Add to [c]art: Artists need to make a living

Published July 9, 2021, 8:00 AM

by Jules Vivas

There must be money in art because art is a way of living

HOW DO YOU MEASURE THE VALUE OF ART This week’s Philippine Panorama focuses on the question of how art can sustain artist (Cover by the author)

Consumer behavior has drastically changed over the past decades due to the rise of e-commerce and the digital revolution hastened by the pandemic. As people are increasingly getting engaged in the virtual world, businesses and entire industries shift to online landscapes, including the art sector.

Beyond the internet’s ability to connect everyone, everywhere, it is currently the only COVID-proof venue for the promotion, perusal, and consumption of art.

TANGHALING TAPAT, Rolando Zaballero, oil on canvas, 2021

Similar to how the film industry has adjusted to the challenging times, releasing titles in streaming platforms, artworks are showcased in virtual galleries. Local art events Art in the Park and Art Fair Philippines, for example, were both held online this year because of the lockdown.

If the art scene were to survive, there needs to be a space in which artworks are exposed and consumed. After having observed that artists are struggling in the health emergency, IT business owner Jojo and finance professional Joweeh Liao decided to create an online haven for hand curated Filipino artworks.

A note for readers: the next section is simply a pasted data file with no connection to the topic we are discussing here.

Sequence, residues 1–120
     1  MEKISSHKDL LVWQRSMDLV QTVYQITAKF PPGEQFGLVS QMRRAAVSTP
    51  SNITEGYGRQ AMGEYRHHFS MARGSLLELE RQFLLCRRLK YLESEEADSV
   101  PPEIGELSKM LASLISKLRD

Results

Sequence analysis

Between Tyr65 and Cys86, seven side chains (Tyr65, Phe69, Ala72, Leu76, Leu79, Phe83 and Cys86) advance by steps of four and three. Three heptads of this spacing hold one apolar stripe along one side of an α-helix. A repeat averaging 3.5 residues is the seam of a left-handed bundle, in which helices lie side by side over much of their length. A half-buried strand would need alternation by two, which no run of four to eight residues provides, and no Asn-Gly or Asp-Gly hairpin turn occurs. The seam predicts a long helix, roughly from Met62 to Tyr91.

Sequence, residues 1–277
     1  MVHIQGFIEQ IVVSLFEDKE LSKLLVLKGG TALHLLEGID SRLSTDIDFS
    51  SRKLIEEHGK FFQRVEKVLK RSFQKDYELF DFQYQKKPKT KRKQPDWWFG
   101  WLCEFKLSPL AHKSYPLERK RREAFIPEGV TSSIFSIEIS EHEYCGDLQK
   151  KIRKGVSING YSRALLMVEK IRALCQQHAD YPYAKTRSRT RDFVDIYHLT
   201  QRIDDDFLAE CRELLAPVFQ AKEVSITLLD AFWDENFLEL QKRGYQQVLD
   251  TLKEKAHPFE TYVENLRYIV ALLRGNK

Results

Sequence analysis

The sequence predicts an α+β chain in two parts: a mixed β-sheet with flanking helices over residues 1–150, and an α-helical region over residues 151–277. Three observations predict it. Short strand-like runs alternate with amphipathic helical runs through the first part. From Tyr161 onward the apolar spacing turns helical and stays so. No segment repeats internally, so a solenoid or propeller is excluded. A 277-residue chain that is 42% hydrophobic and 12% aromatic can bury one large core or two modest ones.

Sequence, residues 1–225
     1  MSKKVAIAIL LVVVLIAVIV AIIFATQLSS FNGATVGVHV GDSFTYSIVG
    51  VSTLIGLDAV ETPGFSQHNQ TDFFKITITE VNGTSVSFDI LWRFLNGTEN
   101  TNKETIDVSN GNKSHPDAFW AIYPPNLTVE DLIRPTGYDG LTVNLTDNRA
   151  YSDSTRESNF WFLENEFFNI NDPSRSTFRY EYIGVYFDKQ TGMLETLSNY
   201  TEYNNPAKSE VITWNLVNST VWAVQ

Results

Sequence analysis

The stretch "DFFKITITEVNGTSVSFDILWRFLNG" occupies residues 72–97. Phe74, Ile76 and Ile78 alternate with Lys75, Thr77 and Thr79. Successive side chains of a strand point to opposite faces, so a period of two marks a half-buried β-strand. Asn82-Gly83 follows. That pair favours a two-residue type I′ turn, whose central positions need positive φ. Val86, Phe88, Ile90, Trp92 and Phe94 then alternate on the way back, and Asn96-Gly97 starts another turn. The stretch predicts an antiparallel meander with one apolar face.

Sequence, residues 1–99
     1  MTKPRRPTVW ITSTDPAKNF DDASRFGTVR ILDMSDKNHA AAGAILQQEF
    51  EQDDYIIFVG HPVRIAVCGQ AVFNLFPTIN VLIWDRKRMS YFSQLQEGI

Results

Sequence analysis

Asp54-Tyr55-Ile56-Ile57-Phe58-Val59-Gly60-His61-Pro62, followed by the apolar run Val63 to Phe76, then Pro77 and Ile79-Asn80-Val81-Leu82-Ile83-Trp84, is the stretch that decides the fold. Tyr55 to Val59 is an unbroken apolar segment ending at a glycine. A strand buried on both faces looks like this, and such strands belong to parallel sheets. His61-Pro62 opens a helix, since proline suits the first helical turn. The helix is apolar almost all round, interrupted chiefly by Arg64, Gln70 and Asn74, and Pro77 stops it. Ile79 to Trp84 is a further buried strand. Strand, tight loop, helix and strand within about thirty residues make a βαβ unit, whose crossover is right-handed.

8COINS, acrylic on canvas, by Macario Jun Roco, 2021

In November of 2020, the couple established Drybrush Gallery, an online platform aimed to help ailing artists reach more audience, sell their works, and ultimately earn their keep. With the goal of making art accessible for all and less intimidating for aspiring collectors, Drybrush hosts a wide range of profiles, from acclaimed sculptors and painters to farmers, electricians, teachers, who are self-taught artists, with as many styles possible— from abstract to contemporary to cubism. Apart from this noble intent, Jojo and Joweeh produced the site in pursuit of their passions—art and technology—in the health crisis.

Curation is done by Mariel Yulo, also the digital gallery assistant. The Ateneo graduate trained in Silverlens and Artinformal galleries. She also honed her skills in marketing and cataloguing at Sotheby’s Institute of Art in London.

BEHIND THE GALLERY Curator Mariel Yulo with Drybrush Gallery owners Joweeh and Jojo Liao

Most of the artworks featured are affordable, and the delivery is free.

While serious art collectors are skeptical about purchasing art online, there are many advantages to it, like convenience, price transparency, and ease of delivery among others. Despite this scepticism of some collectors toward online art transactions, Drybrush has been able to sell hundreds of artworks from over 70 artists since it opened late last year. Whatever kind of art you prefer, or platform you wish to buy it from, the important consideration is to support local artists.

KALAPARAN III EDITION 1 OF 3, photograph, by Jeremy Castro, 2021

Artists are among the most passionate people with deeply personal works. Art itself is fundamental to our humanity. Simply put or to put it simplistically, without artists, there will be no art. The absence of art would mean the absence of beauty, inspiration, creativity, individuality.

Without art, and without artists, there would no meaning or depth to sound or movement or color or swirls or shapes.

Life would be a blank slate.